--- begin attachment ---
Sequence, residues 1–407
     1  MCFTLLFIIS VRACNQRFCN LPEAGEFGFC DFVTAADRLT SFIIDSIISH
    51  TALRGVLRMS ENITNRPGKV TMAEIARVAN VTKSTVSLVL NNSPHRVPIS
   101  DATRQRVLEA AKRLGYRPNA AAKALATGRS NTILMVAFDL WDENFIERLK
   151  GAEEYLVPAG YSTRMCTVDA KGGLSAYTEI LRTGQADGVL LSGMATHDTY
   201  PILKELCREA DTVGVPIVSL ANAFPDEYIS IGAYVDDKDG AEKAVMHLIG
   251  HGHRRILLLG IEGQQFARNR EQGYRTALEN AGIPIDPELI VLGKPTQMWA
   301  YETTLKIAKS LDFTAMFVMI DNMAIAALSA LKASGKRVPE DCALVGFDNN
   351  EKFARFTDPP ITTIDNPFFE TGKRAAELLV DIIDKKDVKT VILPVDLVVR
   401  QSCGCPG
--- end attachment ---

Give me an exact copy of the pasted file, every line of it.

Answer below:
Sequence, residues 1–407
     1  MCFTLLFIIS VRACNQRFCN LPEAGEFGFC DFVTAADRLT SFIIDSIISH
    51  TALRGVLRMS ENITNRPGKV TMAEIARVAN VTKSTVSLVL NNSPHRVPIS
   101  DATRQRVLEA AKRLGYRPNA AAKALATGRS NTILMVAFDL WDENFIERLK
   151  GAEEYLVPAG YSTRMCTVDA KGGLSAYTEI LRTGQADGVL LSGMATHDTY
   201  PILKELCREA DTVGVPIVSL ANAFPDEYIS IGAYVDDKDG AEKAVMHLIG
   251  HGHRRILLLG IEGQQFARNR EQGYRTALEN AGIPIDPELI VLGKPTQMWA
   301  YETTLKIAKS LDFTAMFVMI DNMAIAALSA LKASGKRVPE DCALVGFDNN
   351  EKFARFTDPP ITTIDNPFFE TGKRAAELLV DIIDKKDVKT VILPVDLVVR
   401  QSCGCPG